Jerusalem: Chronicles from the Holy City
By Bryan Caplan
Guy Delisle‘s latest graphic novel, Jerusalem: Chronicles from the Holy City, is outstanding – second only to his transcendent Pyongyang: A Journey in North Korea. Like most of Delisle’s books, Jerusalem is a non-fiction travelogue. His wife works for Doctors Without Borders, so Delisle sees one troubled land after another – and draws what he sees.
There’s a bit of autobiography and tourist stuff, but mostly Delisle seeks out the sore spots of the countries he visits. He’s not big on solutions, but after he spends a year talking to locals and experts about social ills, you feel like you’ve learned a lot. In Jerusalem, he mostly focuses on Israeli settlements and how the Palestinians really live.
Delisle’s no economist, but there’s plenty of interesting economics along the way. Here’s a sequence of five of my favorite panels about the unintended consequences of an ancient tax exemption:
Many readers will be annoyed by Delisle’s sympathy for the Palestinians. But he seems very fair-minded to me. The main problem with Jerusalem, like Joe Sacco’s Palestine, is that Delisle misses an opportunity to ask people on the receiving end of Israel’s collective punishment some hard questions, such as:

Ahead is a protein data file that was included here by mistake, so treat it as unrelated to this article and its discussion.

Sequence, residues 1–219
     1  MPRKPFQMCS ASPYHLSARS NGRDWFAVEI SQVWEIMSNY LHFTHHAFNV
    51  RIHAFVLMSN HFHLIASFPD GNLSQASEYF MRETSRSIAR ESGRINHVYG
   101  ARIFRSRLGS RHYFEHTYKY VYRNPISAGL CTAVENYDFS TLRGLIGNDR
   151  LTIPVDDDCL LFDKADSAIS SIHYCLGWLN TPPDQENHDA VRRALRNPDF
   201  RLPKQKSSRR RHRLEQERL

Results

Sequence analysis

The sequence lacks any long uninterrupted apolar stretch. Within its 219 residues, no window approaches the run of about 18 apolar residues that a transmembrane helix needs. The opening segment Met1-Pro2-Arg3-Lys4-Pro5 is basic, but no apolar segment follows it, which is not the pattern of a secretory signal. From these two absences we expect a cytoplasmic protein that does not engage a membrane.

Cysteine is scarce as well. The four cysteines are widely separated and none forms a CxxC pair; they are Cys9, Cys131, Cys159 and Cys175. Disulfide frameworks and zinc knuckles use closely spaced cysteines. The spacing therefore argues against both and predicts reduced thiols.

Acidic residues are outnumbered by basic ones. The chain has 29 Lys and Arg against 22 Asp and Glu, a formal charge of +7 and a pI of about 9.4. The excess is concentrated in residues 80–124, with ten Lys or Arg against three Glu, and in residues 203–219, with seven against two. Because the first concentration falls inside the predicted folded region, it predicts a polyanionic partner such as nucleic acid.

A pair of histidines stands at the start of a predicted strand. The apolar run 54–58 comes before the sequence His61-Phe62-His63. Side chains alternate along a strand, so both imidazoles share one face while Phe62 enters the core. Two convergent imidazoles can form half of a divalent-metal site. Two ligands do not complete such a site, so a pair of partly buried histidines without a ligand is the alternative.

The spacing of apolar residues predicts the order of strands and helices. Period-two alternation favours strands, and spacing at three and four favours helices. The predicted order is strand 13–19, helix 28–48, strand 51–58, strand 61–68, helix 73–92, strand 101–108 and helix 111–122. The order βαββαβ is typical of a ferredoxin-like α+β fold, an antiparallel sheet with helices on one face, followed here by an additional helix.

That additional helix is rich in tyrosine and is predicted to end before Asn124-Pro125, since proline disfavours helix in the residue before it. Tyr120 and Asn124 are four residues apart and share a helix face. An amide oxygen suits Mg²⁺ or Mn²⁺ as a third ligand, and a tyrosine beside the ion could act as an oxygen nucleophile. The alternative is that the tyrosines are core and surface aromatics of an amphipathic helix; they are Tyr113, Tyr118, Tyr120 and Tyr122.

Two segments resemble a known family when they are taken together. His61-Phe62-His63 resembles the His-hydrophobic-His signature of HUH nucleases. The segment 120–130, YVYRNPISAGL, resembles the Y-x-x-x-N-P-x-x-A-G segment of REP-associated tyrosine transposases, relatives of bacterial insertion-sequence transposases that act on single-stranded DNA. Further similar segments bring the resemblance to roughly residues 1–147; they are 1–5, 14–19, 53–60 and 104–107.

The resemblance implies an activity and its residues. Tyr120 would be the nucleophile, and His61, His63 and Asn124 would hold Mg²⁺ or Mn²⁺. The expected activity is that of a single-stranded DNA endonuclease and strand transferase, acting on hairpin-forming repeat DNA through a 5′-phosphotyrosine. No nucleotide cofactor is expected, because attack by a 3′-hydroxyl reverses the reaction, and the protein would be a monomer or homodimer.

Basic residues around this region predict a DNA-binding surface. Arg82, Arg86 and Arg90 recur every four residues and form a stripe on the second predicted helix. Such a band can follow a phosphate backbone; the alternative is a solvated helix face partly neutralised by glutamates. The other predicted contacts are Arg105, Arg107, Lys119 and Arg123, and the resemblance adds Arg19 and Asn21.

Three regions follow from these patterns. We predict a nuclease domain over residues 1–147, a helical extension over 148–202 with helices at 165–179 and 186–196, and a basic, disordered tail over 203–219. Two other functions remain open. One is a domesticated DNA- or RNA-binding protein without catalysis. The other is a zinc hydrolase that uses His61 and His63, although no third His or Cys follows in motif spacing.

1. You’re too weak to beat the Israelis. Why don’t you just submit?
(And if they responded, “Would you?,” I’d say “I already do. I think
taxation is theft, but I also have the wisdom to realize that the IRS
will make my life a living hell if I resist.”)
2. The Israelis
could easily have killed or exiled every Palestinian. Why didn’t they?
What does that say about their objective function – and/or the
objection functions of other Western countries that put pressure on
3. Suppose all the Jews left Israel tomorrow. What would
greater Palestine’s GDP per capita be ten years from now? Want to bet
4. Suppose all the Jews left Israel tomorrow. How many
Palestinians would still die violent deaths during the next ten years?
How many political prisoners will there be in ten years? Want to bet on
My point: It’s unclear if Israelis would be better off if they’d been far
more pacific. But it’s clear that Palestinians’ would be far better off if they
unilaterally converted to pacifism. Indeed, if they’d been pacifists all along, most of their problems would have been resolved long ago instead of festering for decades.